Education was highly valued in the Rael family. Tessie attributes her drive for knowledge to her father, who "had no schooling, but he was so smart -- and you should have seen his handwriting! He could read, too. When he was supposed to watch the sheep, he'd take a book with him. He used to tell us: 'You have to get an education, because no one can take that away from you.'"
Tessie's father fiercely pursued knowledge his entire life. At the age of 50, while living and working in Santa Fe, he attended law school at night simply to learn more about a subject that interested him.
Growing up, Tessie and her siblings and cousins were all taught the same values, values passed down through the generations: "Be good citizens and good Christians. Respect your elders. Respect other people -- even if you think they are wrong, respect them for what they are; don't act like you know what is better."
"I taught my children that if you respect other people, you will always get along in life," said Tessie. "I was taught that; I taught my children that; and I hope my children teach their children that."
She was also taught something that today seems key to understanding the Rael family's intimacy. "My grandfather always used to say, 'unidos siempre y no los vencen' -- 'united you stand, divided you fall.' Stay together, he told us."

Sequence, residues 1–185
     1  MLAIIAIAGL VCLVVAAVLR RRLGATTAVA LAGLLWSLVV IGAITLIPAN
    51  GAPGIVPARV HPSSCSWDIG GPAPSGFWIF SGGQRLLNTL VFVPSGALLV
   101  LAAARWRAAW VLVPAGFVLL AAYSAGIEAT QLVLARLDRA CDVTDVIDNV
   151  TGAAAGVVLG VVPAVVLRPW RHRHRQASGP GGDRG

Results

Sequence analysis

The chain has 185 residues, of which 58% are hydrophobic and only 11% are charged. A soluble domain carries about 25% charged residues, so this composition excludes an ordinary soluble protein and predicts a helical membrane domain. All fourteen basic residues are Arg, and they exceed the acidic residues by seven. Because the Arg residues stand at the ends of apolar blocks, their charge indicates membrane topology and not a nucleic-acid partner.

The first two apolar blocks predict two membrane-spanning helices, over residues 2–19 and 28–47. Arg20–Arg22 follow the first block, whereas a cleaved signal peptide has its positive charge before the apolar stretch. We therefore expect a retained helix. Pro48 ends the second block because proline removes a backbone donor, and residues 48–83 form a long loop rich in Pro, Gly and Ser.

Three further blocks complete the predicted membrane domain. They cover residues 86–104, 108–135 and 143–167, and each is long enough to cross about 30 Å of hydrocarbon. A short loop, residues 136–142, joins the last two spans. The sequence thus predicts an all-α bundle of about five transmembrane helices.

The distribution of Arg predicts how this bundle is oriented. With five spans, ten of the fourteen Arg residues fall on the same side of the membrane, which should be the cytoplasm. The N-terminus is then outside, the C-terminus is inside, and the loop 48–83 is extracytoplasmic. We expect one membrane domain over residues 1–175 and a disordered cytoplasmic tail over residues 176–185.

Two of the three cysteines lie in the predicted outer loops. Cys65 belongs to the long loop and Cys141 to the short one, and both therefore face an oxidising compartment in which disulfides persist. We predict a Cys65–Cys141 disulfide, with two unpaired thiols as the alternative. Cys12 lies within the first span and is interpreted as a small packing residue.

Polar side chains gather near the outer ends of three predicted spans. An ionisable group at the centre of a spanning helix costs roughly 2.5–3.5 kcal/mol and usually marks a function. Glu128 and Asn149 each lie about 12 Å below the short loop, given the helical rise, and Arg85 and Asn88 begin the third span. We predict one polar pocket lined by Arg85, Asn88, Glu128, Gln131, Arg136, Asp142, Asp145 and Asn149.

And they have.
Today, 140 years after the first Raels settled in Questa, the bulk of the Rael family still lives and works in the small town. In addition to being geographically close, the Raels share an emotional closeness remarkable for such a large family. As Aaron's son, Aaron Rael Jr., said: "The Raels from hardware? They're five or six generations removed, but we still call them cousins."
Tessie elaborates, explaining: "Since we grew up in the plazuela together, we became very close. We grew up close; we were always together -- we'd walk to school together -- and now we are still very close. If something happens in the family, we're right there, to be with each other. It's a bond between us."
Although the family is now scattered in various homes throughout Questa, they still have a "center, a gathering place," Tessie said. This is Rael's Market, in the family for 74 years. Although it has come a long way from the bustling 1927 store that, according to Tessie, "had everything ... dry goods, grains, lumber, coffins and Questa's first telephone," Rael Market is still alive and well.
More than just a store, the market serves as a social gathering place for the family and community. Sons and daughters and cousins stop by daily, to pick up lunch or a snack or just to say hello. And it is not such a far leap from the family's roots. Aaron motions out the window of his shop; right across the street, within view, are the last two existing walls of the Rael plazuela.
Back at Tessie's house, I ask: "What keeps your family here in Questa?" She grins widely.
"Business," she said, "family."
She rests her hands on the massive genealogical book in her lap and adds earnestly, "I would never leave Questa. This is where I was born. These are my roots."
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© Karen Mitchell